Designer bull

Scientists in the USA have used the CRISPR gene-editing technology to produce a bull calf that will produce more male offspring. The team from the University of California, Davis, made a targeted cut to the genome of the bovine embryo to insert the cattle SRY gene which is responsible for initiating male development. The technique is the first demonstration of a targeted gene knock-in for large sequences of DNA via embryo-mediated genome editing in cattle.

Cosmo the bull calf is expected to produce 75% male offspring. “We anticipate Cosmo’s offspring that inherit this SRY gene will grow and look like males, regardless of whether they inherit a Y chromosome,” said Dr Alison Van Eenennaam, an animal geneticist with the UC Davis Department of Animal Science. Read more >

Veterinary practice supports deaf clients

With veterinarians able to continue working as an essential service during the COVID-19 pandemic, the wearing of facemasks by frontline veterinary staff has become commonplace. One of the adverse effects of face coverings is the potential impact on communicating with deaf clients. Southfields Veterinary Specialists, a specialist veterinary practice in Essex east of London, has introduced a range of measures to support deaf clients, including training their staff in the use of sign language and introducing the use of see-through face masks. 

“We’re aware facial expressions and lip-reading are pivotal to the way we communicate – especially in what can be an emotive time for our clients as their beloved pets are given specialist medical treatment. We’ve brought in a range of see-through face coverings, so our clients can not only communicate via signing, but also see our team members’ faces clearly as we discuss important elements of their pets’ care and treatment”, said Hospital Director Dr Daniel Hogan. Read more >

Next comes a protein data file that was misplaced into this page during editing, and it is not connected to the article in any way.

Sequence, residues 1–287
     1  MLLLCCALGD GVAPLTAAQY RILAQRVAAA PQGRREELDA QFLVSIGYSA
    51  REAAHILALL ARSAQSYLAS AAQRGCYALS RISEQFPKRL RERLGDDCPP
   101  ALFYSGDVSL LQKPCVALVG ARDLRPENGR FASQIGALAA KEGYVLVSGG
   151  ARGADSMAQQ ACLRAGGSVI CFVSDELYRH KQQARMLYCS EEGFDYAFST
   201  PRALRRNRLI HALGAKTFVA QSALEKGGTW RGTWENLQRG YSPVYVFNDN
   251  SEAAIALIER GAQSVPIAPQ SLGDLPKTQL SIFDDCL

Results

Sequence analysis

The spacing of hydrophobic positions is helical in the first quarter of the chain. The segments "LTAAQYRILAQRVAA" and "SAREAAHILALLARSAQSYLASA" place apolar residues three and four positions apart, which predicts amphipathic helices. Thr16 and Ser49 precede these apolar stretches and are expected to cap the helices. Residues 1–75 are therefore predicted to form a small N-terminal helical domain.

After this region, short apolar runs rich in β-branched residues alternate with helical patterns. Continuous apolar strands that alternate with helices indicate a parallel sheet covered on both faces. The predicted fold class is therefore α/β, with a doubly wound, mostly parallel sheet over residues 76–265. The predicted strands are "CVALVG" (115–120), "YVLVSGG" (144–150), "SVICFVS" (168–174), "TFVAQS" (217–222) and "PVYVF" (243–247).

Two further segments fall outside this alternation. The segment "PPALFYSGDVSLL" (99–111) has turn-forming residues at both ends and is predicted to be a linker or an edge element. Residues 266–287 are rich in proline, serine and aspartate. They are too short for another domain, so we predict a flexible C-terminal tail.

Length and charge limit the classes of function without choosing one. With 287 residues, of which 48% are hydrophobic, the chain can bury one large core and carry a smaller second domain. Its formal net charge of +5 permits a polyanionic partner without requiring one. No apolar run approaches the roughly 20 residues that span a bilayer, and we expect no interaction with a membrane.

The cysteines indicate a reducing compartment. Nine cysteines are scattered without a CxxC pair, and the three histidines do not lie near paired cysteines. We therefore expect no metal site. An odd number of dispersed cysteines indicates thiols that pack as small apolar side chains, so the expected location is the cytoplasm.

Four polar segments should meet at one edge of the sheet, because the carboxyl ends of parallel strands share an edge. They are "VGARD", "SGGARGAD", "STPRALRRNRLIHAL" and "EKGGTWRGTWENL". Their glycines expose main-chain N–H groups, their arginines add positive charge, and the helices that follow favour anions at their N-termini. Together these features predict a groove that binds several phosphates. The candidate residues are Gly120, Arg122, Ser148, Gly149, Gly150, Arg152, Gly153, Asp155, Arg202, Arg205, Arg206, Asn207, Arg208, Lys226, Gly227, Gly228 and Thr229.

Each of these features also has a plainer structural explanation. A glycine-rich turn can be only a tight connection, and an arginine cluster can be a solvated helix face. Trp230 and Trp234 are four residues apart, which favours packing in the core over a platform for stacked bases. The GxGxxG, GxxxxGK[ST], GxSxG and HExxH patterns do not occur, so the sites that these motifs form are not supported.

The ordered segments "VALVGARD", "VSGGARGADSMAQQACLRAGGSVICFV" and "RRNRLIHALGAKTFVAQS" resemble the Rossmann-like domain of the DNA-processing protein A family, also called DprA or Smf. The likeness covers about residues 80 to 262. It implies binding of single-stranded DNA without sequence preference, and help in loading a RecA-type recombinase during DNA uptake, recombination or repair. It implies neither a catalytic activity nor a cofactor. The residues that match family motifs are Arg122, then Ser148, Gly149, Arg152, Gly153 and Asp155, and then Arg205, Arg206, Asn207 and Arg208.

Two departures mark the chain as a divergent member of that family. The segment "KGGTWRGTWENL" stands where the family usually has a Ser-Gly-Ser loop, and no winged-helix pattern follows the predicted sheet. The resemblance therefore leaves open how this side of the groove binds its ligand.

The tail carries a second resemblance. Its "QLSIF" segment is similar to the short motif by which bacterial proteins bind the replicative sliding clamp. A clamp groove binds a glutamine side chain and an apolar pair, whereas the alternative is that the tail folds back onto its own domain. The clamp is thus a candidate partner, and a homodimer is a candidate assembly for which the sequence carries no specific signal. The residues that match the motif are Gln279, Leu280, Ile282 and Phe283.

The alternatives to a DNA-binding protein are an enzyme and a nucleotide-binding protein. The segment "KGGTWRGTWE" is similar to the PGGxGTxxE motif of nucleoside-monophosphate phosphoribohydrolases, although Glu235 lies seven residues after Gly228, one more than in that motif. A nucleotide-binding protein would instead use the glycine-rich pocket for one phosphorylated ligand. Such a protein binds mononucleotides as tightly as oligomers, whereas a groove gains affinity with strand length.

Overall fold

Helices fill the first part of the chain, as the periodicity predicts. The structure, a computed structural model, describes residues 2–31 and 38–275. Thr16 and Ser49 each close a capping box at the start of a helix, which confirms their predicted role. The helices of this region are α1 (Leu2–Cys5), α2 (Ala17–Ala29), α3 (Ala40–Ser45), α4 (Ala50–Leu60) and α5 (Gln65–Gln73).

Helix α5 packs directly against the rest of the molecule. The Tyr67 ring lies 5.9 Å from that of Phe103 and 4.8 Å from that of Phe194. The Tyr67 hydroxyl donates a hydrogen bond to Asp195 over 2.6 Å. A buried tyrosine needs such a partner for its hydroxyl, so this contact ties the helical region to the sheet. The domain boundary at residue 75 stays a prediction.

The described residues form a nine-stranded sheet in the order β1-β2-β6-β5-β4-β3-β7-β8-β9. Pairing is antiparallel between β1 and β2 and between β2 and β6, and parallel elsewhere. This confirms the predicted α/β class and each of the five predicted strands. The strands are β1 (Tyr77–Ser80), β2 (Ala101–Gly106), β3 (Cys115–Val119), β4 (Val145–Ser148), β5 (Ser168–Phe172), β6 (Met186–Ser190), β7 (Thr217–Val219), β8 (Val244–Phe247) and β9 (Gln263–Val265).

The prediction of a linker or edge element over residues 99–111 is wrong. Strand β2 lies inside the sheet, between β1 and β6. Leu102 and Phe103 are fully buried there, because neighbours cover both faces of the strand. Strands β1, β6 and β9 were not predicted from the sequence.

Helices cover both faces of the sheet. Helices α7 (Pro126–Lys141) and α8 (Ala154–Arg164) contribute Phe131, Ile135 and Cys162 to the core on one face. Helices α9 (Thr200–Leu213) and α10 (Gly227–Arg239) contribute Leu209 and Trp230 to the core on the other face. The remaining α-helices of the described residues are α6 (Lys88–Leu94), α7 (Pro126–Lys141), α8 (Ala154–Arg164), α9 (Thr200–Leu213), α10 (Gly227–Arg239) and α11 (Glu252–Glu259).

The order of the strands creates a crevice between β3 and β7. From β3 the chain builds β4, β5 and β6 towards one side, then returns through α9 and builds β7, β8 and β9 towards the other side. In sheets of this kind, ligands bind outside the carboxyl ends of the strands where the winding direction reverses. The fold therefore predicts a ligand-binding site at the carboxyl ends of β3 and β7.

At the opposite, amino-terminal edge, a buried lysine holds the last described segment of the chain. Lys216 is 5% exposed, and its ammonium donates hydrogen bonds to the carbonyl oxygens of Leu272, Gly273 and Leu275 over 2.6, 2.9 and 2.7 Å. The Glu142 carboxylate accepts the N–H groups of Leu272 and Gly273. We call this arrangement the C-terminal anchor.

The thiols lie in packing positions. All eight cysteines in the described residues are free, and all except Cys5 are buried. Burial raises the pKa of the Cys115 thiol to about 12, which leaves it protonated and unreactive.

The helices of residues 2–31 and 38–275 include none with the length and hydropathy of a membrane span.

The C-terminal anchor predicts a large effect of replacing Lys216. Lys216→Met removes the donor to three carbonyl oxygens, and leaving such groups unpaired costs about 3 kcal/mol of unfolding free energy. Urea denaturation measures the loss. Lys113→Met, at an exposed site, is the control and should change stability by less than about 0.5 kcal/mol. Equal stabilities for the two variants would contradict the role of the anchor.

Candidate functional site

Avian flu outbreak in Victoria

As if Victorians didn’t already have enough to contend with in relation to the resurgence of the COVID-19 pandemic there, there has recently been an outbreak of another highly contagious viral disease, Avian Flu H7N7, at a free-range egg farm at Lethbridge near Geelong. The H7N7 virus is however not a risk to the general public as it rarely affects humans unless there is direct and close contact with sick birds.

This disease was reported when a drop in egg production was observed and high bird mortality rates occurred in one of the egg farm’s poultry sheds. Samples were submitted to Agriculture Victoria in late July, which tested positive for avian influenza H7. Australia has previously had a small number of outbreaks of H7 avian influenza, which were all quickly and successfully eradicated. Read more >

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